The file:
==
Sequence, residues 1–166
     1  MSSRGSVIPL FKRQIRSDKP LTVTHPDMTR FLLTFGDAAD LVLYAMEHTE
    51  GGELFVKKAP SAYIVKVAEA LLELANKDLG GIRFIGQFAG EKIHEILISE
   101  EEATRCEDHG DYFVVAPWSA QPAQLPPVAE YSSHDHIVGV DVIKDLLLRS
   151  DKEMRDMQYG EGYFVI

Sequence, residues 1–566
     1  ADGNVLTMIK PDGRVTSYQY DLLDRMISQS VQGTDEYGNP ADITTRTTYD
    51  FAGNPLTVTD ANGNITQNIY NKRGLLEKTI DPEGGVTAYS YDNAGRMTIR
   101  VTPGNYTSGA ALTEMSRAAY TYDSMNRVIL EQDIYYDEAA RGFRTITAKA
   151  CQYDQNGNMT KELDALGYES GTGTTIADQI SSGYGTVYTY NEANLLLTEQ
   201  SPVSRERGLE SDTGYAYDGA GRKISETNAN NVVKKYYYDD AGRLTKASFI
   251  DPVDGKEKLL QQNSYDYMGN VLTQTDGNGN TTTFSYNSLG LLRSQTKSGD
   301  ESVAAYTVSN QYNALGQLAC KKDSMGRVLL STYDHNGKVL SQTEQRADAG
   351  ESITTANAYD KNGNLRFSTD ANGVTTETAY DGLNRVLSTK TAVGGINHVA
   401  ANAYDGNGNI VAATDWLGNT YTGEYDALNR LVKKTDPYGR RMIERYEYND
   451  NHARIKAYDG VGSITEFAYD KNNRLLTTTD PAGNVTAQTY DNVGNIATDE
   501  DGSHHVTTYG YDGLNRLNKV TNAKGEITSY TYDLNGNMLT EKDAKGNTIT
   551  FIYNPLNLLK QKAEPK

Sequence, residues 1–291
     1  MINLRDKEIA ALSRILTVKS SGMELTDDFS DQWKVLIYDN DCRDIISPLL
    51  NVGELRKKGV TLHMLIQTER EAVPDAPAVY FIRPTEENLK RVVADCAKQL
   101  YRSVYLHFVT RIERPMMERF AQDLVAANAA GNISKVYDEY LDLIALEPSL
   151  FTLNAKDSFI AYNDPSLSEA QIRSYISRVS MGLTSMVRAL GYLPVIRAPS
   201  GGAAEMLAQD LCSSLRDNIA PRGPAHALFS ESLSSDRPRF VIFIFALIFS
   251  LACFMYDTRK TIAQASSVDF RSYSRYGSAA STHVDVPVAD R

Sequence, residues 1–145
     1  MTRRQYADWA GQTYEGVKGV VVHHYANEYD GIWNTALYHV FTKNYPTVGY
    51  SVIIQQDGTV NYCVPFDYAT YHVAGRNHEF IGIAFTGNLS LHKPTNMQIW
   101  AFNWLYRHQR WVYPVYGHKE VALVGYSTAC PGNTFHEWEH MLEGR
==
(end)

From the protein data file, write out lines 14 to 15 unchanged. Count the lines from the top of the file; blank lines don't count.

   351  ESITTANAYD KNGNLRFSTD ANGVTTETAY DGLNRVLSTK TAVGGINHVA
   401  ANAYDGNGNI VAATDWLGNT YTGEYDALNR LVKKTDPYGR RMIERYEYND